Title 42 impacts city

Maya Rivera, Editor

Although there are fewer immigrants at the border waiting to get into the U.S. looking for asylum it was a different story in December.

When Title 42 was extended in December, El Paso made national news as the border saw an increase of immigrants. President Joe Biden and New York Mayor Eric Addams even came to witness. And there were from 400 to 500 immigrant deaths on the Border Highway by the end of 2022 as reported in Elpasotexas.gov. 

Title 42 is a protocol that was initiated to prevent the spread of COVID-19 and administered by the Trump administration in 2020.

The termination date of Title 42 was set by the Biden administration, but the Supreme Court temporarily stopped the termination of Title 42 in February. 

Last August immigrants slowly tried to enter the U.S. seeking asylum from Mexico, El Salvador, Guatemala, Honduras and Venezuela; getting attention from the White House.

Humanitarian agencies from El Paso released a number of immigrants, growing from 250 a day in early August, to 1000 per day in September, reported by Elpasotexas.gov.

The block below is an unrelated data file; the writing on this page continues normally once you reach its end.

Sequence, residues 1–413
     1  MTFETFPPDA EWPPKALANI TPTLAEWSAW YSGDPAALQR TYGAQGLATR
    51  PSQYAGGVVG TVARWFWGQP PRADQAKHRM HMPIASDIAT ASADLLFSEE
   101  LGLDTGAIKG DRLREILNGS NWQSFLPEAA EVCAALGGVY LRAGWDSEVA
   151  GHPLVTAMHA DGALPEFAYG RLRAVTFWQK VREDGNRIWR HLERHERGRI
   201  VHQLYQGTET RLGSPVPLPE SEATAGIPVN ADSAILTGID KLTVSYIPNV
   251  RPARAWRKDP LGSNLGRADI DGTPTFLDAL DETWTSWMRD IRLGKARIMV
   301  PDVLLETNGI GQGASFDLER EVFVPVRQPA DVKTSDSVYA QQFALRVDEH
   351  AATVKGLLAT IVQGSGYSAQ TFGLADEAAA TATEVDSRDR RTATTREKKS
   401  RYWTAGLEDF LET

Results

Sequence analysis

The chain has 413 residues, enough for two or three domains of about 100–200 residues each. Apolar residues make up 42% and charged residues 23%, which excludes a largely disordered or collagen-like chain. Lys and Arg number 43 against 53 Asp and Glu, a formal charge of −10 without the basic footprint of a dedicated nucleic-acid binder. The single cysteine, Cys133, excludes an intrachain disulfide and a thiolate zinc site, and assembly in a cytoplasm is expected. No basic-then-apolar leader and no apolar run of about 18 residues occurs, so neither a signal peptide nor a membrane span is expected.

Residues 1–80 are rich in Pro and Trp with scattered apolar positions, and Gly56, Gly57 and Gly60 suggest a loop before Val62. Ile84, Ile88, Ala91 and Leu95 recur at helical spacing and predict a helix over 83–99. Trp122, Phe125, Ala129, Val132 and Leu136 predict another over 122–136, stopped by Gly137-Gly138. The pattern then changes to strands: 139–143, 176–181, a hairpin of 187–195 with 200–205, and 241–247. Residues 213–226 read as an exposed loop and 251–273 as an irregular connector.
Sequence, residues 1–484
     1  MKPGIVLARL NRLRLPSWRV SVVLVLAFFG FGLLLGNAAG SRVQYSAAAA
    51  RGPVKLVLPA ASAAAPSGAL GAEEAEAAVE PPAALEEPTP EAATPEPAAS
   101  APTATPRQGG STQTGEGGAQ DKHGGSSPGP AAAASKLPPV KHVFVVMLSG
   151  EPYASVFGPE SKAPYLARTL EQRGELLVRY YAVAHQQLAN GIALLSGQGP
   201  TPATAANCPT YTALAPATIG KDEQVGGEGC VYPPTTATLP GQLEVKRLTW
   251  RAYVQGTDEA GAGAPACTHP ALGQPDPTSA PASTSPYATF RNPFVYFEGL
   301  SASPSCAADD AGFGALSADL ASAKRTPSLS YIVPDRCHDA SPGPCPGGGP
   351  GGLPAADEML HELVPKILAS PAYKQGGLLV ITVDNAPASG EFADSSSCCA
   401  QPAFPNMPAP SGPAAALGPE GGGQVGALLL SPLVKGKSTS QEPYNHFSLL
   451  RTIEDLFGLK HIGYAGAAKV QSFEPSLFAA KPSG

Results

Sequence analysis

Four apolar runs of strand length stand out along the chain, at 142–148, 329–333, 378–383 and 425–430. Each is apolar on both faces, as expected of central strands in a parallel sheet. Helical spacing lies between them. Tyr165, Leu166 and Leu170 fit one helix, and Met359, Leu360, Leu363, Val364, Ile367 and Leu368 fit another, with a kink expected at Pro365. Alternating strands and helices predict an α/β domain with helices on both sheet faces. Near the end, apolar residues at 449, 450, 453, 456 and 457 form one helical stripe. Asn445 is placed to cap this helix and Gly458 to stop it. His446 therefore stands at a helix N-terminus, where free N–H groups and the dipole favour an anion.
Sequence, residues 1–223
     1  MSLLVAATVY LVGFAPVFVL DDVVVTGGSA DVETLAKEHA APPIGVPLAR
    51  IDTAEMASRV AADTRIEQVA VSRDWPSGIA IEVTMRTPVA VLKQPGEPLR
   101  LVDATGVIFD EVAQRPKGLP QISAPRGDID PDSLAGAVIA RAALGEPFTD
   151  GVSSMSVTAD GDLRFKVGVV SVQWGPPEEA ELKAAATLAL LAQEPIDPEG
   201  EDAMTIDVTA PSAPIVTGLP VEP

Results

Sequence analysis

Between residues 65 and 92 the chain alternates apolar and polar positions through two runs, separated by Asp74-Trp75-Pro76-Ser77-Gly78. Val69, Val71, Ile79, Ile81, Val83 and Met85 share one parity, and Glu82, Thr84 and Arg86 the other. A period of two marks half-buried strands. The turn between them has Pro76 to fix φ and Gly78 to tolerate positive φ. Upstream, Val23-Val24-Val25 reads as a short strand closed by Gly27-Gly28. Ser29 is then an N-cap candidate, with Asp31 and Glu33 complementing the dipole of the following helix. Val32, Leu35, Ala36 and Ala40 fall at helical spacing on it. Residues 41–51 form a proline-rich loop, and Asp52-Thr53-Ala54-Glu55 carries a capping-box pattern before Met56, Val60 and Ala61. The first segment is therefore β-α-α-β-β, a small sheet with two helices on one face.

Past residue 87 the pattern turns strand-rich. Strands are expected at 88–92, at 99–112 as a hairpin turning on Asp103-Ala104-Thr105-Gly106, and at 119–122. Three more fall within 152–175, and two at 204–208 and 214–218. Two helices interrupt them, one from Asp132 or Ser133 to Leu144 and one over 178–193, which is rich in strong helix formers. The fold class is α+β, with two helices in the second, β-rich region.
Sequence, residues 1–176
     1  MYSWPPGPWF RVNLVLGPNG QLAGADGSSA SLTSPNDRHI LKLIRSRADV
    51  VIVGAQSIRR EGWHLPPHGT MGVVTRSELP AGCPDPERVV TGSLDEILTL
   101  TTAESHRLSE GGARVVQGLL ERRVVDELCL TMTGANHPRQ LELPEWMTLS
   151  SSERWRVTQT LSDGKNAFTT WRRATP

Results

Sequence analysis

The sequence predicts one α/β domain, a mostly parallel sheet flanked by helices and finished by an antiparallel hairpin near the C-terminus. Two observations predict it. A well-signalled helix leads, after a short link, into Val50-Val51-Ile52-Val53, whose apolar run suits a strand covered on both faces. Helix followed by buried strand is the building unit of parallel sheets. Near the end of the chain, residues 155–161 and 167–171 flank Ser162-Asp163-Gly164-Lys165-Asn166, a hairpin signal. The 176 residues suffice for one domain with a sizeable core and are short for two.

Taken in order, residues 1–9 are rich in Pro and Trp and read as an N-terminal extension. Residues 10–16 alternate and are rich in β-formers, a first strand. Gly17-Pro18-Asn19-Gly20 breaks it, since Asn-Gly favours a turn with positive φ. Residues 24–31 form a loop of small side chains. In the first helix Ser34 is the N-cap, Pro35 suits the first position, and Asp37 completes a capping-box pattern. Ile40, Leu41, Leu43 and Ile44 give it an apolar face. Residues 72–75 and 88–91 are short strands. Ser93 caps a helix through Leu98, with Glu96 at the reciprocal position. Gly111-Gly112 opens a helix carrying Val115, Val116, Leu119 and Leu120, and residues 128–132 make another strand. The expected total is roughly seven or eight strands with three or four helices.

With immigrants staying in Mexico, the U.S. and Mexican governments announced that Mexico would accept land-border expulsions of citizens of Venezuela under Title 42.

On Dec. 17, El Paso’s mayor Oscar Leeser issued a disaster declaration due to Title 42 expiration.

“Talking to some of our federal partners they believe that on Wednesday our numbers will go to 4, 5 or 6,000, and when I asked them, I said do you believe that you guys can handle it today, the answer was no. And when I heard the answer was no, I knew we had to do something right away,” Leeser said, to ktsm.com.